There is much excitement on the wires about David Cameron’s attitude to tax avoidance. The PM’s just told ITV news:
‘He’s [Jimmy Carr] taking the money from tickets and as far as I can see, he’s putting all of that into some very dodgy tax avoiding scheme.’
It is ‘completely wrong’, he said. Asked about today’s revelations in the Times, which include allegations against Cameron-backer Gary Barlow, the prime minister said:
‘[I will] look at that scheme … as soon as I get in front of my computer.’
Tax avoidance embarrasses the Conservative leader, especially as his government has not successfully curbed it. But two specific points emerge from Cameron’s statements this afternoon. First, Cameron is welcoming the press and others to examine his donors’ tax arrangements — assuming that they haven’t already done so (thinking particularly of the difficulty over Lord Ashcroft in 2009-10). This implies that Cameron has learned a lesson from the phone hacking furore: it’s better to be in front of a scandal than behind it.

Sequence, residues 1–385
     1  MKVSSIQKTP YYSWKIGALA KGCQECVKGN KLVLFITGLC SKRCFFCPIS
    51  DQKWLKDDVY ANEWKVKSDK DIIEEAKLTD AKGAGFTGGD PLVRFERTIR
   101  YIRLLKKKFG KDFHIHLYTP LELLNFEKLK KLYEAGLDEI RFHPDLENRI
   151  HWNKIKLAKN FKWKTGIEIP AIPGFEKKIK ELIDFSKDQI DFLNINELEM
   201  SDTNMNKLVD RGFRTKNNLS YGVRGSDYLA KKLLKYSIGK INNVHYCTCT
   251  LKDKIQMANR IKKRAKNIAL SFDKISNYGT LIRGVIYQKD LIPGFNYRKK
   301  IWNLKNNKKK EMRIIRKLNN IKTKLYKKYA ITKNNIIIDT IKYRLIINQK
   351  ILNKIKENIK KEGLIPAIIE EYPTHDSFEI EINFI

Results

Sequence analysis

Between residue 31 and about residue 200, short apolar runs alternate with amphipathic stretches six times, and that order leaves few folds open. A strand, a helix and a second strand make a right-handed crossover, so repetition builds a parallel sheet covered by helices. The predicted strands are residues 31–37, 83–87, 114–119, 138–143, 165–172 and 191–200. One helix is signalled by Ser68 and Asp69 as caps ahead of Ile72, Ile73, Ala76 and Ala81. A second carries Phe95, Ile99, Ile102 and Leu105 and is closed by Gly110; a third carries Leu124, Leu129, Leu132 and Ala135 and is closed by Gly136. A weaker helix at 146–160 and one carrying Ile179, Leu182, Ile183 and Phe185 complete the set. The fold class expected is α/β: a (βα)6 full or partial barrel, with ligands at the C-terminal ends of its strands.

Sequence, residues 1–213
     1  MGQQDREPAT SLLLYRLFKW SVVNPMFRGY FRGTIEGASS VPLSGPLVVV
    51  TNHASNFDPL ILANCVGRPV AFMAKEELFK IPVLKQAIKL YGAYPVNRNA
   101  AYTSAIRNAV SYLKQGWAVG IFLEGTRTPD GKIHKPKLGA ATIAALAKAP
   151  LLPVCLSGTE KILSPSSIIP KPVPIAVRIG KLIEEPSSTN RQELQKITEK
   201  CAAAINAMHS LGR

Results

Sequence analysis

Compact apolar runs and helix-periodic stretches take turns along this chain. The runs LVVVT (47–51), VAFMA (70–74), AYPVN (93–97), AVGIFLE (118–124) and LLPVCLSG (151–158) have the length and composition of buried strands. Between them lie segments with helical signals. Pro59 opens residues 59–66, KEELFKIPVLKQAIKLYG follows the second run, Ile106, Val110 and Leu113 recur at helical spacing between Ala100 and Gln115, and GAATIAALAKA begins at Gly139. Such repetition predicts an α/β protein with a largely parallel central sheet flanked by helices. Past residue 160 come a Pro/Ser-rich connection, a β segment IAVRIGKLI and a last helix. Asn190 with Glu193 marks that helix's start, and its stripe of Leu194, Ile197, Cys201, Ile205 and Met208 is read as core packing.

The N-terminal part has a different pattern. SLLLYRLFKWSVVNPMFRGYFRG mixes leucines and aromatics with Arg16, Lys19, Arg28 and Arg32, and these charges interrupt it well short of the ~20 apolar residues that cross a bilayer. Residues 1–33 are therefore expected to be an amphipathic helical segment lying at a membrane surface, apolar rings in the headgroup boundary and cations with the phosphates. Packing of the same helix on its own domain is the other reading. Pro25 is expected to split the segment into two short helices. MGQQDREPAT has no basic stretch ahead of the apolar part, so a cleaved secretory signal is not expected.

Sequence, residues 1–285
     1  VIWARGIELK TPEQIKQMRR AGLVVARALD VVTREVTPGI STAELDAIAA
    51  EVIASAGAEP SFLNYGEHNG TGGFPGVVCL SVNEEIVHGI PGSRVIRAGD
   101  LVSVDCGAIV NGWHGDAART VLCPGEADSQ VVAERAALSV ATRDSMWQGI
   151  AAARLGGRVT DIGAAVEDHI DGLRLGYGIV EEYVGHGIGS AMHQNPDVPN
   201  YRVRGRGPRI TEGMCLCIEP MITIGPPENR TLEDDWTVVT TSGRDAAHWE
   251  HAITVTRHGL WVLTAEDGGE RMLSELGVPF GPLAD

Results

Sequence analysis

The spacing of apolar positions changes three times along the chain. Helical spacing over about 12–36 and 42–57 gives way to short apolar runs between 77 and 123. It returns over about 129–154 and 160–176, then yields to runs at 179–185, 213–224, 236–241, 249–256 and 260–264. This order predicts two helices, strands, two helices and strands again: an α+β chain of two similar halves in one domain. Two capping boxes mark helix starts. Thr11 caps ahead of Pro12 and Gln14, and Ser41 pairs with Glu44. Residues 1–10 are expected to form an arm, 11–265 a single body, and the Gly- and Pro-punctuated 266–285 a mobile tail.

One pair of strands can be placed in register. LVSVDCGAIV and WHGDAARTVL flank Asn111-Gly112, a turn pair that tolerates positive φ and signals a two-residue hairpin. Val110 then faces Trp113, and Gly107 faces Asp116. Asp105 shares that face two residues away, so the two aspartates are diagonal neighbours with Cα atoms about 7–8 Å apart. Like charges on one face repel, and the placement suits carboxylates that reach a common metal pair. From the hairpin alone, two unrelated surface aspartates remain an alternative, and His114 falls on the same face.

And second, Cameron’s distinction between the cases of Carr and Barlow implies that some tax reduction schemes are morally repugnant but others may not be. It depends on the scheme in question. Critics will say that this is a distinction without a difference.Tags: Conservatives, David Cameron, Empire, Tax reform